No results.

post theater Public Video Archive

heavenly BENTO (theater)

A mutlimedia performance based on the history of "SONY"
premiered in 2004, Bonn Biennale

At the end of their lives, two old friends meet and look back. After the war, they founded a small enterprise in a burned ruin in the devastated city of Tokyo. They dreamt of becoming the leading company in consumer electronics. They wanted to help reconstructing Japan and strengthen its pride and dignity, and they even planned to conquer the American market once.
“Heavenly Bento” tells the (almost true) story of two men and their creation. It is a story of friendship and power, genius and insanity, identity and assimilation, control and its loss. In the end there will be a kind of dinner. The audience is invited to enjoy an abstract bento box full of pictures and remembrances, anecdotes and stories, victories and defeats. A bento box full of life.

<Selected Press Responses>
" That is very amusing, because of the ritualized politeness, and because of the minimalist stage arrangement that is juxtaposed with a cool stream of video images, that floats around the feet of the performers.
The story itself is also interesting, ....
...highly convincing in terms of form....the sushi principle: rice and fish are arranged beautifully.
The international artist collective (Japan, Netherlands, Germany, Bulgaria) undoubtedly has to be praised for their experiment between theater and electronic worlds...."
Tom Mustroph in Neues Deutschland, Berlin, August 20th, 2004

"Directors Hiroko Tanahashi and Max Schumacher create a multimedia performance style appropriate to the narrative of two pioneers of Japanese electronics.
...the technology used to present the piece fuses with the narrative...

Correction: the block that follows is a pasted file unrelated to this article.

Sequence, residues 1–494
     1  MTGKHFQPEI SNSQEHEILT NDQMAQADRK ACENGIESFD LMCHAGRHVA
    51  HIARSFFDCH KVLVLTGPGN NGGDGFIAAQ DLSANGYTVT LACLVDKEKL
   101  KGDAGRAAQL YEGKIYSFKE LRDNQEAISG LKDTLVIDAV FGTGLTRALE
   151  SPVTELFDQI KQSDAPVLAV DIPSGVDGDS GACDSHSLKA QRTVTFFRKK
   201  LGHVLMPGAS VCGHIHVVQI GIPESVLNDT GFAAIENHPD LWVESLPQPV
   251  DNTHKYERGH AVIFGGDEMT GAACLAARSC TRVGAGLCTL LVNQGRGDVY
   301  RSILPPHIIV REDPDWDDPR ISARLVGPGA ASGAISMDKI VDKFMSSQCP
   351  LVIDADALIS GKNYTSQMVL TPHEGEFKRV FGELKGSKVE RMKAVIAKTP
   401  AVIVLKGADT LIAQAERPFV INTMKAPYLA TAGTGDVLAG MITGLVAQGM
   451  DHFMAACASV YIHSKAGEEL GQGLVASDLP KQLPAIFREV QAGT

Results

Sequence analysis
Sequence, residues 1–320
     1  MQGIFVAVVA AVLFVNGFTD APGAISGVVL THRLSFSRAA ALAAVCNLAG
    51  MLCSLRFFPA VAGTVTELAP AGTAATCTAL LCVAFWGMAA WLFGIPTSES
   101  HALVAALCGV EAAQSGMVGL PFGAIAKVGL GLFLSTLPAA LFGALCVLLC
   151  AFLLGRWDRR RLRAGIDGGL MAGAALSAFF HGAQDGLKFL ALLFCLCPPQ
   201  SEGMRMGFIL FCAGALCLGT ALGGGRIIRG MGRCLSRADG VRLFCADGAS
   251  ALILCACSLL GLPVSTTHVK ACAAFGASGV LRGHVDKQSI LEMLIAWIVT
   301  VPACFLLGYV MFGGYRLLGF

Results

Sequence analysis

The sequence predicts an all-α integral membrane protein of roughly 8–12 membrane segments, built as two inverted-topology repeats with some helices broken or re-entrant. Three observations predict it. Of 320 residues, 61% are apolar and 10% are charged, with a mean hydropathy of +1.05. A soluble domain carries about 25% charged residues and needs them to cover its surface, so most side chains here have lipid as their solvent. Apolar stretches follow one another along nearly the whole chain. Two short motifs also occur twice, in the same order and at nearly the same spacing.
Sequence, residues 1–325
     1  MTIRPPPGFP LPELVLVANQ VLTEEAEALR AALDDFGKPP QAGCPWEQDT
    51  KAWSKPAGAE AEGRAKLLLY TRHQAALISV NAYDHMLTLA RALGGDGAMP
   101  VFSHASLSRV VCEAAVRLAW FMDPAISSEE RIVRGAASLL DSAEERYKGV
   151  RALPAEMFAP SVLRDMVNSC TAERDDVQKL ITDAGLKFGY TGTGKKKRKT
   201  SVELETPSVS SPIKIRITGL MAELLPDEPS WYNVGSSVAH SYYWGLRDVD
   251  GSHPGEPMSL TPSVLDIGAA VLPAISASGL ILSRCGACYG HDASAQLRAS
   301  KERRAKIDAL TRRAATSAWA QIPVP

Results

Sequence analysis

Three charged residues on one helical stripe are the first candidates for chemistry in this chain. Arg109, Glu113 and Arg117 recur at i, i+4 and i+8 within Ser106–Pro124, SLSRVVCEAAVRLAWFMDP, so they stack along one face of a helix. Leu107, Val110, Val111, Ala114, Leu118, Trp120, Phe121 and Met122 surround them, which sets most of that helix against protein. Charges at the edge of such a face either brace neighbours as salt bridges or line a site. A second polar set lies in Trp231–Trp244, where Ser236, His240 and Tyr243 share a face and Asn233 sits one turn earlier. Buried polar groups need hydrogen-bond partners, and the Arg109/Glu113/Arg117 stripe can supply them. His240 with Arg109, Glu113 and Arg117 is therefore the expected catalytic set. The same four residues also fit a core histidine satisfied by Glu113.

... following from this larger metaphor, food is a literal element of the performance, but served up as such a clever surprise, it would be a pity to be a spoiler. There was some funky media interplay, images flashing on unexpectedly or things popping out of the set.
... was the personalities of the two actors. With warmth and subtle humour, they brought to life the two Japanese protagonists, their idiosyncrasies and vision,...
... humanism in any shape or form is a reassuring discovery."
Parvathi Nayar, Business Times Asia, SingaporeJune 17th, 2005

Performer (Masaru Ibuka): Alexander Schoeder
Dance / Choreography: Kazue Ikeda
Dance: Yuko Sato (2012 version)
Artistic Director, Idea: Hiroko Tanahashi
Performance Director: Max Schumacher
Dramaturgy Andreas: Horbelt
Music / Sound: Sibin Vassilev
Video Design: Hiroko Tanahashi, Yoann Trellu
Video Operator: Esther Schelander
Programming: Yoann Trellu
Japanese Translation: Mika Eglinton
Stage Design: Matthias Boettger
Photography: Alice Schauhoff
Graphic Design: Hiroko Tanahashi
Costume Design: Naoki Kouetsu
Production Matthias: Boettger
Assistant Director: Simone Bennett
Universal Assistant: Laura Frings

2012 Aoyama Theater, Tokyo
2009 Japan Society, New York
2006 Singapore Arts Festival, Singapore
2005 Museum for Communication / Sophiensaele, Berlin
2005 Bonn Biennale, Bonn

Funded by:
Hauptstadkulturfonds, Berlin
Bonn Biennale, Bonn